Chapter Six:
A Cop, Some Dope, and Frank Zappa

So I was sittin’ and I was wonderin’ why it is I used to love Frank Zappa so much and now he just makes me want to puke from my ear holes when suddenly the answer hit me like a Zen Bullet straight to the third eye–Drug Abuse!

I mean, we all know drugs are great and pretty much a “must do” on just about every social occasion including weddings, bar mitzvahs and Black Oak Arkansas concerts but I would add an item to the list–when listening to Frank Zappa albums. Cuz if my experience holds true for anybody else drugs (it don’t matter which ones–better to take ‘em all!) do not only enhance the “Frank Zappa experience”; they are necessary to enjoy the “Frank Zappa experience” in the first place.

Take 1979’s Sheik Yerbouti. Very shortly after it come out my pig farmer buddy Billy and I were busy drinking and doing drugs in my upstairs room in the decaying hovel (the ceiling collapsed in the room next to mine, dropping a one-ton wooden beam on my roomie’s bed–did I move? No!) where I lived at 16 North Washington Street in sunny Shippensburg Pennsylvania.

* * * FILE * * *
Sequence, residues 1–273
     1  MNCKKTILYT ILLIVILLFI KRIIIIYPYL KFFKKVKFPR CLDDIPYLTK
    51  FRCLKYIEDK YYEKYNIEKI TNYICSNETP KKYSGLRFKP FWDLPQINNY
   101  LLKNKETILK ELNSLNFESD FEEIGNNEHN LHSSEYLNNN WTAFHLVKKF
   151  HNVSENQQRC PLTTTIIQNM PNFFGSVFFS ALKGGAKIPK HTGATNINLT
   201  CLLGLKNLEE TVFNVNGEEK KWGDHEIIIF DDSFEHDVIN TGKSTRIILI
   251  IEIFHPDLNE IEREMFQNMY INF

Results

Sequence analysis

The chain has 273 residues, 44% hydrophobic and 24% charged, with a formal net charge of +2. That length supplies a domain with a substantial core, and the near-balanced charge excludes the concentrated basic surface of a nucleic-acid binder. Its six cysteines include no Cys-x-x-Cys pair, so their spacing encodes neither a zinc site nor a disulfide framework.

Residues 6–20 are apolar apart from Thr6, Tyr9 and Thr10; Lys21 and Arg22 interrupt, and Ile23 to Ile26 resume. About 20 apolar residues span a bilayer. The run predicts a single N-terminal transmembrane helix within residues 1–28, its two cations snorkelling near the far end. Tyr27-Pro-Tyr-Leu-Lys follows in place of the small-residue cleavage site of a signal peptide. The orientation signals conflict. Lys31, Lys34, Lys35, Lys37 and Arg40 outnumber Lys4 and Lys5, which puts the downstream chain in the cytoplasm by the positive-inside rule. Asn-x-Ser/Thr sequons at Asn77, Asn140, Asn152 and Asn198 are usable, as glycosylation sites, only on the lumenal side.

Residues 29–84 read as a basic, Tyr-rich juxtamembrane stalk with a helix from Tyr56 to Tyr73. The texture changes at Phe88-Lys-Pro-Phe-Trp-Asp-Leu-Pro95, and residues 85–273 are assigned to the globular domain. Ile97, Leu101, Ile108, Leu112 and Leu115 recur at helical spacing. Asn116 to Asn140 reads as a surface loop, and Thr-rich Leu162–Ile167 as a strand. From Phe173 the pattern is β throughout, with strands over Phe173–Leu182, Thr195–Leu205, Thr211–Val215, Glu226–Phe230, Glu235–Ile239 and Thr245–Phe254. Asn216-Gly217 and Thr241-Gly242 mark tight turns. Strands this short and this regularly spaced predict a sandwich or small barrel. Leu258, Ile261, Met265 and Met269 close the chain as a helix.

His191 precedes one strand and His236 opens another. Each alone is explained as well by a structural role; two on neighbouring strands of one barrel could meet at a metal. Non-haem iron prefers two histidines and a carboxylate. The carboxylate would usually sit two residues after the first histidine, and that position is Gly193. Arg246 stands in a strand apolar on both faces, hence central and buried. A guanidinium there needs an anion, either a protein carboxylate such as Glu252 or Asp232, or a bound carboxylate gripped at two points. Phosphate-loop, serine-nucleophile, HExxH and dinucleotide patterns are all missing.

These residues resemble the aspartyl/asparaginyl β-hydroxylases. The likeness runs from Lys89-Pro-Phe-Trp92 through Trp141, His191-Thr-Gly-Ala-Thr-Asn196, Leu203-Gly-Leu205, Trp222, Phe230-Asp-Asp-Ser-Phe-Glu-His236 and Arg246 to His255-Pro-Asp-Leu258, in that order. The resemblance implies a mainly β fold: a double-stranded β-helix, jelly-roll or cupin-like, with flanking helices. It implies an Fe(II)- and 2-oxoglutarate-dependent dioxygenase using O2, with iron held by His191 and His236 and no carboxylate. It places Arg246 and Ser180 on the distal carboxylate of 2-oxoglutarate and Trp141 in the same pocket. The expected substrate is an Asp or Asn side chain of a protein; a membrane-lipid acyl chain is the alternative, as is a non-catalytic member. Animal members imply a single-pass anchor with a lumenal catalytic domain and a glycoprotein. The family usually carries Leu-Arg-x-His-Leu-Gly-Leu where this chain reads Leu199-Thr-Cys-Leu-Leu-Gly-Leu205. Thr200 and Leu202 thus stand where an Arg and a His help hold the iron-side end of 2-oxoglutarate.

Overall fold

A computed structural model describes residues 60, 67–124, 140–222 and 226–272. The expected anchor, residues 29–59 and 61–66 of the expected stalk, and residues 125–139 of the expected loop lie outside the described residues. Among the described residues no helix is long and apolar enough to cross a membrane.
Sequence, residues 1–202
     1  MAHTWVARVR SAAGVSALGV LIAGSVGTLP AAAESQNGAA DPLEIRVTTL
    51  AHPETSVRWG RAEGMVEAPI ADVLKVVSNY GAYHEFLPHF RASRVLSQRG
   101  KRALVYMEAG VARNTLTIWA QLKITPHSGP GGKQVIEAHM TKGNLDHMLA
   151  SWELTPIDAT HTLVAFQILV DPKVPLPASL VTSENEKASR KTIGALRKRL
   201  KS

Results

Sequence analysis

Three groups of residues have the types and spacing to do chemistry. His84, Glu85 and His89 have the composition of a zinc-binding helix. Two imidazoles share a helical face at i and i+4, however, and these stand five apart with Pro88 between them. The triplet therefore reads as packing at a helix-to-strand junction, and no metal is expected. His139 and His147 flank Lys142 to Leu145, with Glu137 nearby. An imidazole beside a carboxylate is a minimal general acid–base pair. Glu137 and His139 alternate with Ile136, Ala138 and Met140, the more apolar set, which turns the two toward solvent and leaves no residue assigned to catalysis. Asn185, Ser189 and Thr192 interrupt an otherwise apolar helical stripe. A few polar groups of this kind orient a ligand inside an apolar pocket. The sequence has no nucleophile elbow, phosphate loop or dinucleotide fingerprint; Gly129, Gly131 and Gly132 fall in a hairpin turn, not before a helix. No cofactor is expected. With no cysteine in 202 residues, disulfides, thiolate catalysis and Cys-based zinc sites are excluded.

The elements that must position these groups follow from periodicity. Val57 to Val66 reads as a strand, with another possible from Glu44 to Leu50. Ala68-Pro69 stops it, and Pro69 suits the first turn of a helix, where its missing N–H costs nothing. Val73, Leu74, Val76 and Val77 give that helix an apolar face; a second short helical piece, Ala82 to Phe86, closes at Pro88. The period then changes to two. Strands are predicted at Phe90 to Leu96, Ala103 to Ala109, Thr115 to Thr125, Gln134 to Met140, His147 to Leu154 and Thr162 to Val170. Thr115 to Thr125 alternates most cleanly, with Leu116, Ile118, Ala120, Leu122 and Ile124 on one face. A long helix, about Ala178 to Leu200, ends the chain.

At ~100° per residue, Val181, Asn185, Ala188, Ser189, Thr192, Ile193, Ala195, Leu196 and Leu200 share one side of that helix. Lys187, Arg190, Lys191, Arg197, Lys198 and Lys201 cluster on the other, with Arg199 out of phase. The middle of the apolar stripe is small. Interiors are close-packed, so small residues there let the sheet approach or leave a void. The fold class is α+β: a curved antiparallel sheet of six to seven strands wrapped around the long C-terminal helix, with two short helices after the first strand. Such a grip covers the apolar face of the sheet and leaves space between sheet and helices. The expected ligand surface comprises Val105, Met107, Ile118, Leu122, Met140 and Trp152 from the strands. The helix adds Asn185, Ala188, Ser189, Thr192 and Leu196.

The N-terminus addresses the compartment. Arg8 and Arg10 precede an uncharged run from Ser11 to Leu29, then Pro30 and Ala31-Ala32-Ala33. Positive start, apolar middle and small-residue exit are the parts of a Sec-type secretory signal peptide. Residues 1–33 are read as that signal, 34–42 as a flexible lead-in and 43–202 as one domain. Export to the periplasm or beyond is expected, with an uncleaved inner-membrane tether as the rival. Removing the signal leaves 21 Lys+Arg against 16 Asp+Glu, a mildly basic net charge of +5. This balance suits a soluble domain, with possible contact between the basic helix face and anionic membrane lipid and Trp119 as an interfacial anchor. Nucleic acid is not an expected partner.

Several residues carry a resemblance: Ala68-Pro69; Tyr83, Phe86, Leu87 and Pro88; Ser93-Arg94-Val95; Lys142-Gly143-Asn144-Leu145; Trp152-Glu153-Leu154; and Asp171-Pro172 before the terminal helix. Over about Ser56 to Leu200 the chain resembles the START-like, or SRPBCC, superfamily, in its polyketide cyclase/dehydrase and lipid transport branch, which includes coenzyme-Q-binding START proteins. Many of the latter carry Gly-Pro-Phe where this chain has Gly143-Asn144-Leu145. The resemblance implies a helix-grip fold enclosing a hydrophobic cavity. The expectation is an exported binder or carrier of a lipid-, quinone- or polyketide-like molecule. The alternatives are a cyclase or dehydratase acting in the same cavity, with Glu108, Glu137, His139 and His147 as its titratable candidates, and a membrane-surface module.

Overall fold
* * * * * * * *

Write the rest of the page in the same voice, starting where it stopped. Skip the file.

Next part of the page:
And because it was such a fine and beautiful day we thought why not crank up Sheik Yerbouti and place the speakers on my window sill pointing out just to, you know, educate the neighbors on the subject of righteous music. Because such is what passes for rational thought when you’re burning holes in frontal lobe with every drug you can get your clammy teengenerate hands on. Which in our case came down to pot, Placidyl–and I’m talking the big green 750s, the ones they use to treat insomnia in prize hogs–beer, Wild Turkey, and a several gallon jug of fake Quaaludes Bill was selling to 10th graders (god knows what was in ‘em), which he insisted upon crumbling into the bowl of the pot pipe we were passing on the theory they would probably fuck us up in some way if we could just find the proper delivery mechanism.